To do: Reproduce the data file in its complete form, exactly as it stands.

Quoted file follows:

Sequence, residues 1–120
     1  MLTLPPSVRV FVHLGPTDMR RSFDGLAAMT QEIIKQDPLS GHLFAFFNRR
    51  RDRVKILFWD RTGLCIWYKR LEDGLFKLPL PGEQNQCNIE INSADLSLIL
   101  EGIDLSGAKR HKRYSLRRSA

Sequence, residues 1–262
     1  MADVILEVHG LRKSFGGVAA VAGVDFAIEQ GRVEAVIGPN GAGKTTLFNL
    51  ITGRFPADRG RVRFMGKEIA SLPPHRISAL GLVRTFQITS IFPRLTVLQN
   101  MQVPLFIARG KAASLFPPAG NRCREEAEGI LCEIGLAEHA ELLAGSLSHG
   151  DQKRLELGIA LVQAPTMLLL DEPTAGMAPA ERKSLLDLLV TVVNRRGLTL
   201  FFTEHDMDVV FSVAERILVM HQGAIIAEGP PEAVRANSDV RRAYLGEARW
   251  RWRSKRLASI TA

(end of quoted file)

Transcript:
Sequence, residues 1–120
     1  MLTLPPSVRV FVHLGPTDMR RSFDGLAAMT QEIIKQDPLS GHLFAFFNRR
    51  RDRVKILFWD RTGLCIWYKR LEDGLFKLPL PGEQNQCNIE INSADLSLIL
   101  EGIDLSGAKR HKRYSLRRSA

Sequence, residues 1–262
     1  MADVILEVHG LRKSFGGVAA VAGVDFAIEQ GRVEAVIGPN GAGKTTLFNL
    51  ITGRFPADRG RVRFMGKEIA SLPPHRISAL GLVRTFQITS IFPRLTVLQN
   101  MQVPLFIARG KAASLFPPAG NRCREEAEGI LCEIGLAEHA ELLAGSLSHG
   151  DQKRLELGIA LVQAPTMLLL DEPTAGMAPA ERKSLLDLLV TVVNRRGLTL
   201  FFTEHDMDVV FSVAERILVM HQGAIIAEGP PEAVRANSDV RRAYLGEARW
   251  RWRSKRLASI TA